While the development of multi factor authentication applications like Duo Mobile and Authy have made great strides in protecting our devices, the potential of these apps can give a false sense of security. Hackers have begun relying on a new tactic to bypass these apps and gain access to your account: multi factor authentication fatigue.
Typically, even if a hacker is able to attain your username and password, they still can’t access your account without duo authentication approval, the owner of the account needs to manually accept every attempt at logging in, especially if the person is in a different location. Fordham University uses Duo Mobile, an MFA that requires account holders to either accept a push notification, pick up a phone call, or retrieve a one time password from a separate device (usually a cellphone) each time they login to Gmail or the portal. After accepting a Duo request, users can select that the device they’re currently using is private, this makes Duo Mobile remember the device and will ask you to request Duo authentication less often.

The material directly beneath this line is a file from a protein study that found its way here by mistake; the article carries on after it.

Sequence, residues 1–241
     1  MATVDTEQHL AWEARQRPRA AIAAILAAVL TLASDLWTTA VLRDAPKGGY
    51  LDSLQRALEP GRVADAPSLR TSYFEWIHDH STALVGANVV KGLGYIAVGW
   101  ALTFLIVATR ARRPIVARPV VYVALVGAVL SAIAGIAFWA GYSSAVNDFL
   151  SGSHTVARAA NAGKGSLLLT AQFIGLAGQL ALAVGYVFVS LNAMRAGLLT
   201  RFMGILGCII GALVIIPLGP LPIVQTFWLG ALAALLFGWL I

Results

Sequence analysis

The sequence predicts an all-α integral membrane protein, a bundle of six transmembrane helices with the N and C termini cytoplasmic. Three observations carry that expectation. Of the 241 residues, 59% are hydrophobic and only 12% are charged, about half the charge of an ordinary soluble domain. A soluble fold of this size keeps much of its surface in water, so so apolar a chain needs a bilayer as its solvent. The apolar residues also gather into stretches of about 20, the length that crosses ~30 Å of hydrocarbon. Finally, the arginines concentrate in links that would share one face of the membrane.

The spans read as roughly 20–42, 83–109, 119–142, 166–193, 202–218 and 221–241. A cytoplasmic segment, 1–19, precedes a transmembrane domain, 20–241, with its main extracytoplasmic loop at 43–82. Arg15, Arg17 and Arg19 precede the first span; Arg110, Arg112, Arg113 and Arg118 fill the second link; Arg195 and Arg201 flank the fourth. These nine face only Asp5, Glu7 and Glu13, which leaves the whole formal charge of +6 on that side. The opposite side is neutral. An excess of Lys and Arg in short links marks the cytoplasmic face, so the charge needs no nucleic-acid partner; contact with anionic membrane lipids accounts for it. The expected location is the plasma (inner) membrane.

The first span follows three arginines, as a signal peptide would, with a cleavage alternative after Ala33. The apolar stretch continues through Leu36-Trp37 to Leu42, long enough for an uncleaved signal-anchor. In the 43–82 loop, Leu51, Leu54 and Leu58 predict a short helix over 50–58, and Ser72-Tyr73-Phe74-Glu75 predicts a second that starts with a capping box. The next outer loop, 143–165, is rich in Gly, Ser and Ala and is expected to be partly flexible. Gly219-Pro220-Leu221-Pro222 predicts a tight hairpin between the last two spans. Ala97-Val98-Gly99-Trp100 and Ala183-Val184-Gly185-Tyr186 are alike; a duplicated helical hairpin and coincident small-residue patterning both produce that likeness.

If users aren’t paying attention, they’ll accept Duo push notifications even if they didn’t induce them, giving the hacker access to their full account. Malicious actors can also inundate a user with duo push notifications until the user accepts one just to make it stop.
MFA fatigue attacks are incredibly dangerous to the security of your account as attackers could access your personal information, send emails from your account name, and even purchase things on your behalf.
Most people are overwhelmed with the amount of phone notifications they receive daily, so embracing digital minimalism and only allowing important or time sensitive notifications is the best way to remain mindful of what you click on. Having Duo remember your personal devices can also reduce the amount of requests you get, so when you do get a push notification from Duo, you’re more likely to pay attention.